Stop me if you've heard this before. Oh, that's right. You can't.
I posted this about 3 years ago, so maybe some of you have forgotten (you know, old age, etc...)
I've only been at this 30 years, and hold no illusions about my ability to dryball - I can do it any time, any place, for no good reason at all. But this was a new experience:
Technically it wasn't actually a dryball, as there was a full load of powder under the ball. But it wasn't a proper load either.
The gun was a .54 cal Lyman GPR flintlock. I had taken 4 shots and swabbed after each. I carefully measured 70 grains of ffg Goex and poured it down the barrel. There were no distractions; all the onlookers knew not to talk to me during the loading process. I picked up and carefully separated a single 0.015" lubed patch, placed it on the muzzle. I picked up a 0.530 round ball and placed it on the patch, and noticed that the patch was not well centered. So, I placed one finger on the ball to hold it steady. I took my thumb and forefinger on the other hand and carefully captured an edge of the patch and pulled it across the muzzle to center it. And promptly pulled it out from under the ball, which disappeared down the bore assisted, by my finger.
So now I have a full powder charge in the barrel along with a loose ball. Let's see, .530 ball, .540 bore, should fall right out, right? Nope. Wouldn't budge. Tapped the barrel on the carpet I use to protect the butt when loading. Nope, still no ball.
Ok, rammed the ball down all the way with the range rod, checked the mark, yep, full powder load and round ball. Primed the pan, got a flash, no boom. Great. Picked the touch hole, primed and tapped some 4f into the touch hole. Got another flash, but no boom. Now it's starting to rain.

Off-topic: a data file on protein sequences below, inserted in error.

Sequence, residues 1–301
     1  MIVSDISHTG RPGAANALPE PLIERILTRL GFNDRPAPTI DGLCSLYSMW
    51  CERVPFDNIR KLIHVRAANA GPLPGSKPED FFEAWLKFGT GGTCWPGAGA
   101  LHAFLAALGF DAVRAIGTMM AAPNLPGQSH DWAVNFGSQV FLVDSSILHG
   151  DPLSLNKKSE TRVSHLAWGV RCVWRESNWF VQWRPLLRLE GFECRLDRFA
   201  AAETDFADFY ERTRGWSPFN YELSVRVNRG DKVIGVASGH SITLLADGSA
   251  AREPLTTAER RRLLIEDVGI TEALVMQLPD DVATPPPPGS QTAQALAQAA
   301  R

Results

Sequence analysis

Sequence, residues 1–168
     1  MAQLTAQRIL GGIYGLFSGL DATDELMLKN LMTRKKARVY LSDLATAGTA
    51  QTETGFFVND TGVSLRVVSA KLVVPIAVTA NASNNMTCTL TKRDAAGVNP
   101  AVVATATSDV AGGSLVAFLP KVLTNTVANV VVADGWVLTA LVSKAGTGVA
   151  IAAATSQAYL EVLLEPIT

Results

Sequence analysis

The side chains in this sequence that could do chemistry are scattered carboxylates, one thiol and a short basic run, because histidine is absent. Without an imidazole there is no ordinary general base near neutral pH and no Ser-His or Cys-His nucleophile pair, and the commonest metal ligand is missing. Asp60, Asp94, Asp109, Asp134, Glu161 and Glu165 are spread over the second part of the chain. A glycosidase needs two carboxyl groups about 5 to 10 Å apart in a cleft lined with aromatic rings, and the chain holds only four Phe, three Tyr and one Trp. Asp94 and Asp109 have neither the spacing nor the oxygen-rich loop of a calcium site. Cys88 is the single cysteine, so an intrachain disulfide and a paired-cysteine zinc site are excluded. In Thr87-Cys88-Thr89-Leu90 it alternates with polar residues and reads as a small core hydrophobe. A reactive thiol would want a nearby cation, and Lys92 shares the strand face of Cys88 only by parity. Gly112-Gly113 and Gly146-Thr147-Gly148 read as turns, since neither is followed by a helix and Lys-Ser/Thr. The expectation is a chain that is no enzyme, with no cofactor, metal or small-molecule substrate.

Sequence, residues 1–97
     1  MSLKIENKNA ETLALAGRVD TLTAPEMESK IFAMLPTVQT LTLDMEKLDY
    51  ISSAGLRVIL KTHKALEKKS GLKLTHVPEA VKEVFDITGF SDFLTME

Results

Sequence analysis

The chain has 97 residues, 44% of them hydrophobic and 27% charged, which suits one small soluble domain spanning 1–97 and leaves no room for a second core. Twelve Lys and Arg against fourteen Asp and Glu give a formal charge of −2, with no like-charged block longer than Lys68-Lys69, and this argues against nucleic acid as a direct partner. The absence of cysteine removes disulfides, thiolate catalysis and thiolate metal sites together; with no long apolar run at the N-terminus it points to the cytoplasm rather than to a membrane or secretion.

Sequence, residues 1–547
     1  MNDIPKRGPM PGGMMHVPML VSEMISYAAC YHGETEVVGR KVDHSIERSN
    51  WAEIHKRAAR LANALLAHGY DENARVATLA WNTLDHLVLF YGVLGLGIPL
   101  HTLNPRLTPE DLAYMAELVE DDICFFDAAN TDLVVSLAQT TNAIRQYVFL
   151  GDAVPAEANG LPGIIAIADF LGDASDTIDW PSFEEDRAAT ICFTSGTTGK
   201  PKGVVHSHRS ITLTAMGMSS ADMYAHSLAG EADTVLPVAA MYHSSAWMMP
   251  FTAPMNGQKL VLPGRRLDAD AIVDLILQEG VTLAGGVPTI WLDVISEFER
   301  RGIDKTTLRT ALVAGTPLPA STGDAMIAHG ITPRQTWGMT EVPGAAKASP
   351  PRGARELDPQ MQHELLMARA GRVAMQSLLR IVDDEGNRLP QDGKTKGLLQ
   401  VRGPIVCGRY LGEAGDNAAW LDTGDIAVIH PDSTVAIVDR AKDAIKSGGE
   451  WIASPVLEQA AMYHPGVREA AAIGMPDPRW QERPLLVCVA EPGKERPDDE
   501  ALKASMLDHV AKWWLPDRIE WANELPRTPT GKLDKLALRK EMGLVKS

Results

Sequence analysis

Packed up the gear and went home. I'd shot 4 guns yesterday and decided to wait until after supper to clean them. I did the .54 flinter last, and decided to try to pull the ball. The timing is important because now it's about 11 pm. The ball came right out with very little effort. Normally I'd just wash the powder out with water, but something made me decide to shoot it out - after all, how much noise would some loose powder make?
It's not loose, stupid, it was compressed when you rammed the ball down. It's still compressed, stupid. 70 grains of compressed 2f out the back door across the lake at 11 pm is impressive. I swear the echo went on for 15 minutes. SWMBO had fallen asleep reading. I now have very clear instructions about how and when to clear bore obstructions. I know exactly how many neighbors I have that retire before 11 pm, and how far away you can hear 70 grains of 2f at 11 pm. I know that the odds of the only Sheriff's road patrol car on duty at 11pm being across the lake in view of my house at that precise moment are slim but not that slim. I have learned that it is a misdemeanor to discharge a firearm at my house, since, although it's an undeveloped rural area, it was platted as a subdivision in 1921 and the county considers it an urban area. He may have made that part up, but he didn't charge me and I'm not going to do it again in any case.